Is there a better bargain out there in the high street than this Italian stallion of a wine ? especially when on discount, currently £6.50 at Tesco and if you add in the regular 25% off 6 bottles promotion this is astonishing value.
The bottle in question is the CA’ Marrone Rosso from Puglia region of southern Italy made in the Appassimento method which is the Italian term for drying harvested grapes, traditionally on bamboo racks or straw mats, for a few weeks up to several months to concentrate the sugars and flavours.
So what’s it like ? Firstly, this is a great looking if slightly heavy bottle. When poured this is a medium ruby colour with strong aromas of dark fruits predominantly cherry, plum and blackcurrant, there is also a whiff of dried herbs and some vanilla.
On first sip you can tell this is a powerhouse, initially intense sweet and sour dark fruits hit you before the pronounced tannins kick in. Secondary flavours of tobacco, leather and dried herbs arrive filling your mouth with a richness and depth of flavour you get with the Appassimento method.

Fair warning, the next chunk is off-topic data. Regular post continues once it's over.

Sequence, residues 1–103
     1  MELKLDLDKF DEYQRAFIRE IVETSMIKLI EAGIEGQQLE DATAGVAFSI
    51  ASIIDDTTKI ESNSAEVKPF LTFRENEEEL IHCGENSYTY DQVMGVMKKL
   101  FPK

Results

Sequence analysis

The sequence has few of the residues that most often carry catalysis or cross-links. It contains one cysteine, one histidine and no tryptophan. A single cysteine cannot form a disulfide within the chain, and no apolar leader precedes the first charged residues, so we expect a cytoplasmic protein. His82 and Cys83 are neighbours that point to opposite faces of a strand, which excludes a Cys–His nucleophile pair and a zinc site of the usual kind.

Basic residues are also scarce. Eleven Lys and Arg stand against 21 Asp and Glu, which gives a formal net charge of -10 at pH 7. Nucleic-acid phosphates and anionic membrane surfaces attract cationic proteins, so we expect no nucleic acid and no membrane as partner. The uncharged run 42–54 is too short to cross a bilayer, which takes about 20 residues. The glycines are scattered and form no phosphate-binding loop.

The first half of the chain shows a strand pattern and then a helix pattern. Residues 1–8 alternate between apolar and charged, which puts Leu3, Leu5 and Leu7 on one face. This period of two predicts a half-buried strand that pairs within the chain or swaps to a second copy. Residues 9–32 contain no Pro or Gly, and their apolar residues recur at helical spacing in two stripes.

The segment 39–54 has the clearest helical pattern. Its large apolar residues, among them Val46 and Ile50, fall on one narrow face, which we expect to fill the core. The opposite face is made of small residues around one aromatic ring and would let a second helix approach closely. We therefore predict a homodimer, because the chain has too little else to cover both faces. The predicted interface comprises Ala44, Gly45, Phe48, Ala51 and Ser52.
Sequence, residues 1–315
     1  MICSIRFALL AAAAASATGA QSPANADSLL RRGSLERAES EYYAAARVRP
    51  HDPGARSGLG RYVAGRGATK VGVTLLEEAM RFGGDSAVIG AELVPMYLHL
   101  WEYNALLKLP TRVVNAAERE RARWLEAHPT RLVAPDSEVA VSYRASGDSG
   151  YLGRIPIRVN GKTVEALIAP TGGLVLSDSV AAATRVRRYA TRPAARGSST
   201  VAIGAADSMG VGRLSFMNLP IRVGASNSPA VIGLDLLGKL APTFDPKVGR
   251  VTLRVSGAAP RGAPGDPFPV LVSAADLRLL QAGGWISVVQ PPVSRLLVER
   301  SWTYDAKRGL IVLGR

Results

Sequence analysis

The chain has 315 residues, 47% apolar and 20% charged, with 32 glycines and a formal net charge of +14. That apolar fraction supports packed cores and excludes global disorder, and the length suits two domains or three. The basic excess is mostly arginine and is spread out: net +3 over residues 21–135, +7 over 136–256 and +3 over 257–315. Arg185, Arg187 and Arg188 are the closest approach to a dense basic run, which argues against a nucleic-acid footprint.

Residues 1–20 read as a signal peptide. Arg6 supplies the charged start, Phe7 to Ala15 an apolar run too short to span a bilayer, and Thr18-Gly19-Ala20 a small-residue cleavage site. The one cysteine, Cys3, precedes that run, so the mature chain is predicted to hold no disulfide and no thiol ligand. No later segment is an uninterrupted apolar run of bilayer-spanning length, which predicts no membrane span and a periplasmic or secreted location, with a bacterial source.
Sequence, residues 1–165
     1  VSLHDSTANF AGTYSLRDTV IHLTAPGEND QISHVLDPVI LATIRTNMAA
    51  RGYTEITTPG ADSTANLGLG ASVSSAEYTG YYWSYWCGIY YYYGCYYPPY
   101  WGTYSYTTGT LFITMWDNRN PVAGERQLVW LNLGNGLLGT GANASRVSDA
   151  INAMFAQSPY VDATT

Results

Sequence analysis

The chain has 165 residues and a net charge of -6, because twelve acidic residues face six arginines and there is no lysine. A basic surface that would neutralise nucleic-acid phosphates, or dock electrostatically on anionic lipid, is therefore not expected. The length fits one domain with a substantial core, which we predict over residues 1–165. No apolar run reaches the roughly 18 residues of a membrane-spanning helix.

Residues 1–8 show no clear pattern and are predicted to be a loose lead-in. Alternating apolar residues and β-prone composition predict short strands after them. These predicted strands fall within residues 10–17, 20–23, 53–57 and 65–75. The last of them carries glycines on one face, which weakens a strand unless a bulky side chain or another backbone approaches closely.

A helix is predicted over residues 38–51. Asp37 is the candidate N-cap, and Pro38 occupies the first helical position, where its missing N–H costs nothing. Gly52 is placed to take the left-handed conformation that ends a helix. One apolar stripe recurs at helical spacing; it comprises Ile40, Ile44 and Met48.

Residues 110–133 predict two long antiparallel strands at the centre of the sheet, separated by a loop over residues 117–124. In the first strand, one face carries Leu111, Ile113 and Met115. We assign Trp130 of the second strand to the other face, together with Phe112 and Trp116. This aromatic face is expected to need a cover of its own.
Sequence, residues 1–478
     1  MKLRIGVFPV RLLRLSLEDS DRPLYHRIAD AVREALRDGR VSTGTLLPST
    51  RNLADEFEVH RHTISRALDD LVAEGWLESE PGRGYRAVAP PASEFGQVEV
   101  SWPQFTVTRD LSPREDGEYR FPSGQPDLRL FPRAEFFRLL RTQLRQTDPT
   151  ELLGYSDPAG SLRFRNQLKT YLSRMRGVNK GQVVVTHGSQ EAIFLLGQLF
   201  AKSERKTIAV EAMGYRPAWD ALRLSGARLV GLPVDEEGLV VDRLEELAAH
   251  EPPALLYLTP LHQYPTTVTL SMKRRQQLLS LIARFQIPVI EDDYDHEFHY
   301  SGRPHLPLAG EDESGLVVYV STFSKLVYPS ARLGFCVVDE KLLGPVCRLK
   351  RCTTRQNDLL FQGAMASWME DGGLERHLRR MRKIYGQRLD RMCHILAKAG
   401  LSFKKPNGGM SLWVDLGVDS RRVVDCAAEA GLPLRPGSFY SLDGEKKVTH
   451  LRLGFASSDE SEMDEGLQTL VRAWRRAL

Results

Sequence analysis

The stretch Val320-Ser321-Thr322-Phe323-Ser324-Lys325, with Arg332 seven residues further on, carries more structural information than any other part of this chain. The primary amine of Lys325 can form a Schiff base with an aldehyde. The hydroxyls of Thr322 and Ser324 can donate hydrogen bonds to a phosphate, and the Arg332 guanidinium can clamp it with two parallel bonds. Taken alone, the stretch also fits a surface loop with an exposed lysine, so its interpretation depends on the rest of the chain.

This is a proper grown up wine and not for the fainthearted but watch out for the 14.5% abv, although it doesn’t feel like it at first but be warned it does creep up on you and be sure to hang on to something or someone before attempting to stand after a glass or two.
As you may have gathered, I liked this a lot, ok, maybe not for everyone but if you find it for £6.50 it’s worth a go, top stuff !
With the weather this week taking a turn for the better many of us raid the fridge for a nicely chilled bottle of white.
This week I opened two that were very different, one very familiar and the other not so. The first was a French Chardonnay from Morrisons reduced from £10 to £7 including a very fancy wooden box, the other from Sainsbury’s at £8 an unfamiliar Italian grape called Greco.